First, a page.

USS Chauncey (DD-3)

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For other ships of the same name, see USS Chauncey.
USS Chauncey (DD-3).jpg
USS Chauncey' photographed prior to World War I.
Career (United States)
Name: Chauncey
Namesake: Commedore Isaac Chauncey
Builder: Neafie and Levy Ship and Engine Building Company of Philadelphia, Pennsylvania
Laid down: 2 December 1899
Launched: 26 October 1901
Sponsored by: Mrs. M. C. S. Todd
Commissioned: 21 February 1903
Out of service: 19 November 1917
Identification: Hull symbol:DD-3
Code letters:NDF
ICS November.svgICS Delta.svgICS Foxtrot.svg
Fate: sunk in collision with cargo ship SS Rose 110 miles west of Gibraltar 19 November 1917
General characteristics [1]
Class and type: Bainbridge-class destroyer
Displacement: 420 long tons (430 t) (standard)
Length: 250 ft (76 m) (oa)
Beam: 23 ft 7 in (7.19 m)
Draft: 6 ft 6 in (1.98 m)
Installed power: 8,000 shp (6,000 kW)
Propulsion: 2 × Vertical triple expansion engines
2 × shaft
Speed: 29 kn (33 mph; 54 km/h)
Complement: 3 officers
72 enlisted men
Armament: 2 × 3 in (76 mm)/50 caliber guns

5 × 6-pounder 57 mm (2.2 in) guns

2 × 18 in (460 mm) torpedo tubes

The first USS Chauncey (DD-3) (originally "Destroyer No. 3") was a Bainbridge-class destroyer in the United States Navy named for Commodore Isaac Chauncey. It was launched in 1901 and sunk in 1917.

Construction and design[edit]

Chauncey was laid down at Neafie and Levy Ship and Engine Building Company of Philadelphia, Pennsylvania on 2 December 1899 as a member of the Bainbridge class,[a] and was launched on 26 October 1901.[5]

Chauncey was 249 feet 9 78 inches (76.15 m) long overall and 244 feet 2 78 inches (74.44 m) at the waterline, with a beam of 23 feet 5 inches (7.14 m) and a draft of 6 feet 6 inches (1.98 m).[5][6] As the Bainbridge class was intended to be more seaworthy than the US Navy's torpedo boats, the ship had a raised forecastle instead of the "turtleback" forecastle common in European designs.[7] Design displacement was 420 long tons (430 t) and 631 long tons (641 t) full load,[6] although all ships of the class were overweight.[4] Four Thornycroft boilers fed steam at 250 pounds per square inch (1,700 kPa) to triple expansion steam engines rated at 8,000 indicated horsepower (6,000 kW) driving two shafts for a design speed of 28 knots (52 km/h; 32 mph). Four funnels were fitted.[5][6] Armament consisted of two 3 inch (76 mm) 50 caliber guns, five 6-pounder (57 mm) guns and two 18 inch torpedo tubes.[5]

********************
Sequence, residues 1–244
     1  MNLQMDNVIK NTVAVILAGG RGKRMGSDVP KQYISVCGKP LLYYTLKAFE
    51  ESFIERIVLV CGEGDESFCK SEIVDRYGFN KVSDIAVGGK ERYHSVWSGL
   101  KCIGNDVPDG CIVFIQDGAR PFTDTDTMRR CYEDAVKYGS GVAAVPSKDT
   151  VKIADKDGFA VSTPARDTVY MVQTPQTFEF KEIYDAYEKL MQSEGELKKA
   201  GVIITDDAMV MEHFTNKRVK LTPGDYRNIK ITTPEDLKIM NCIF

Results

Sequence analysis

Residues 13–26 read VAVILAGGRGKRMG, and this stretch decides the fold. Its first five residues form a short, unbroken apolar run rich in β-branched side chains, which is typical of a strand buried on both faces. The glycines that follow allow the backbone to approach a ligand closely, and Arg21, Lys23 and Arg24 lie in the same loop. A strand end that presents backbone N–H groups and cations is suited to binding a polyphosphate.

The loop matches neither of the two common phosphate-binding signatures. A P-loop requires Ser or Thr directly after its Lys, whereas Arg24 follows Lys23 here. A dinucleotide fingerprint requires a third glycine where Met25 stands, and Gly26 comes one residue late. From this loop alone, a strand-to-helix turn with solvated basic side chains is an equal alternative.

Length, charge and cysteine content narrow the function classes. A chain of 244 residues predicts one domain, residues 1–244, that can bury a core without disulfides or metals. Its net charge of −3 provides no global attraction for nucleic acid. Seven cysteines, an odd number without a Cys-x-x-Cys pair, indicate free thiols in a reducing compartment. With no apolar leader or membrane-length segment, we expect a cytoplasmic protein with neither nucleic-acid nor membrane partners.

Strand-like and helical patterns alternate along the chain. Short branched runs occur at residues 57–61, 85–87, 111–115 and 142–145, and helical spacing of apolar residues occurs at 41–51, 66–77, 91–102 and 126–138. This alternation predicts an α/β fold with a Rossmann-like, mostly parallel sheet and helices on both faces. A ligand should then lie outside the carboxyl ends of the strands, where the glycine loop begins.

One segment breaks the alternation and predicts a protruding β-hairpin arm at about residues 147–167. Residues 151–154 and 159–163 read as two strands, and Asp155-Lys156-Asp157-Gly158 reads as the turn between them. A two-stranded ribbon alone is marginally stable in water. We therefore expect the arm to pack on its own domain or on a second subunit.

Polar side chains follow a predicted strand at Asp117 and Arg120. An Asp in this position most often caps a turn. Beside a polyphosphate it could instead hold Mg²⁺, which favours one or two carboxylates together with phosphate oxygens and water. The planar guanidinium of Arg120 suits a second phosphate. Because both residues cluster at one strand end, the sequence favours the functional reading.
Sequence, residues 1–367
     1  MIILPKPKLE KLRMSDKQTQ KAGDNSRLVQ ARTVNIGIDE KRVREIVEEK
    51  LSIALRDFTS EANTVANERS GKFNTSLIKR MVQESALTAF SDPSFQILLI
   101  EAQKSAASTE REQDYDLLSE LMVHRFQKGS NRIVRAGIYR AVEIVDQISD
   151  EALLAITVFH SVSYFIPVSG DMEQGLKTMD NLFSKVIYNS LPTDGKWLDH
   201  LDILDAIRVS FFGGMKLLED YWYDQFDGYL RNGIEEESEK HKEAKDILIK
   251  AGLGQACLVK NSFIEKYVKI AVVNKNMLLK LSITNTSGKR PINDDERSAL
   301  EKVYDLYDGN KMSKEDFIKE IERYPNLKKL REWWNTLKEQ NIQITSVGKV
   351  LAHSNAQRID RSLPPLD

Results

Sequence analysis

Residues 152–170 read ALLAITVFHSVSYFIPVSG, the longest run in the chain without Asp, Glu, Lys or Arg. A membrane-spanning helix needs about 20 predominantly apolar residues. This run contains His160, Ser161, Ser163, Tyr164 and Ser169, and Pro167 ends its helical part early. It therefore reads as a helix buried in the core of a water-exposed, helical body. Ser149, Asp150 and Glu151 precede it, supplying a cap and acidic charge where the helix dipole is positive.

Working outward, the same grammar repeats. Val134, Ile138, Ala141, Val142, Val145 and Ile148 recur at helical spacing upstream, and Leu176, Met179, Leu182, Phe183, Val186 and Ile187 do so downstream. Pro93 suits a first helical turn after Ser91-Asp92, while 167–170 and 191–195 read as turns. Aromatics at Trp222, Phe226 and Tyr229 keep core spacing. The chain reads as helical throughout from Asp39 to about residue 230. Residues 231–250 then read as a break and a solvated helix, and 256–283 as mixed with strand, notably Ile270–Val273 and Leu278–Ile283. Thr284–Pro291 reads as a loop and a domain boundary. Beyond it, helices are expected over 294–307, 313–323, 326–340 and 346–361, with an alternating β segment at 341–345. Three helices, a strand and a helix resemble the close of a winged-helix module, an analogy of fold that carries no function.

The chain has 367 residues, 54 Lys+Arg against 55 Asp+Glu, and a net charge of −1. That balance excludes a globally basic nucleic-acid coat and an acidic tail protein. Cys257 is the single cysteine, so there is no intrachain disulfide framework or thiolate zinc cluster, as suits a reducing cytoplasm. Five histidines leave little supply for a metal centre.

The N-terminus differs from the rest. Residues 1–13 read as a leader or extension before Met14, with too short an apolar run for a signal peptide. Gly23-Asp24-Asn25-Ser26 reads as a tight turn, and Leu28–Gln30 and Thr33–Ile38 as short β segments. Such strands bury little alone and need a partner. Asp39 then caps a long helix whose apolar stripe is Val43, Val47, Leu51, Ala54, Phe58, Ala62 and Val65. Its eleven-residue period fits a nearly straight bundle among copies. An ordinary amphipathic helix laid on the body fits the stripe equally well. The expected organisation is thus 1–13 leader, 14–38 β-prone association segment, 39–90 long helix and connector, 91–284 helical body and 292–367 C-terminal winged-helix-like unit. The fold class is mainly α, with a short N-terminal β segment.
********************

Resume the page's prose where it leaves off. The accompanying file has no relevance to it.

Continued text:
Chauncey was placed in reduced commission on 20 November 1902, then placed in reserve on 2 December 1902 and received full commission on 21 February 1903. Lieutenant Stanford Elwood Moses was placed in command and Chauncey reported to the Atlantic Fleet.[8]

Pre-World War I[edit]

Chauncey served with the Coast Squadron until 20 September 1903, when she was transferred to the Asiatic Fleet and left Key West for the Orient on 18 December. After sailing by way of the Suez Canal, she arrived at Cavite to join the force representing US interest in the Far East as it cruised in the Philippines during winters and off China during summers. Aside from the period of 3 December 1905 – 12 January 1907, when she was in reserve at Cavite, Chauncey continued this service until the entrance of America into World War I.

Sinking[edit]

The destroyer sailed from Cavite on 1 August 1917 for convoy escort duty in the eastern Atlantic, based at St. Nazaire, France. On 19 November, while about 110 mi (180 km) west of Gibraltar on escort duty, Chauncey was rammed by the British merchantman SS Rose as both ships steamed in war-imposed darkness. At 03:17, Chauncey sank in 9,000 ft (2,700 m) of water, taking to their death 21 men including her captain, Lieutenant Commander Walter E. Reno. 70 survivors were picked up by Rose, and carried to port.

USS Chauncey in literature[edit]

The novel Delilah was written by a survivor of Chauncey, Marcus Goodrich, and is a fictional account based on his experience serving aboard Chauncey as an enlisted man.

Noteworthy commanding officers[edit]

Notes[edit]

  1. ^ Some sources state that Torpedo Boat Destroyers 1–5 comprised the Bainbridge class,[2][3] while other sources state that four more very similar ships (Torpedo Boat Destroyers 10–13) were also part of the same class.[4]
  1. ^ "USS Chauncey (DD-3)". Navsource.org. Retrieved June 12, 2015. 
  2. ^ Chesneau and Kolesnik 1979, pp. 157–158.
  3. ^ Osborne 2005, p. 45.
  4. ^ a b Friedman 1982, p. 17.
  5. ^ a b c d Chesneau and Kolesnik 1979, p. 157.
  6. ^ a b c Friedman 1982, p. 392.
  7. ^ Friedman 1982, pp. 14–15.
  8. ^ "Chauncey". Dictionary of American Naval Fighting Ships. Naval History and Heritage Command. Retrieved 17 January 2015. 

References[edit]

  1. ^ Haislip, Harvey, CAPT USN. (September 1977). "A Memory of Ships". United States Naval Institute Proceedings.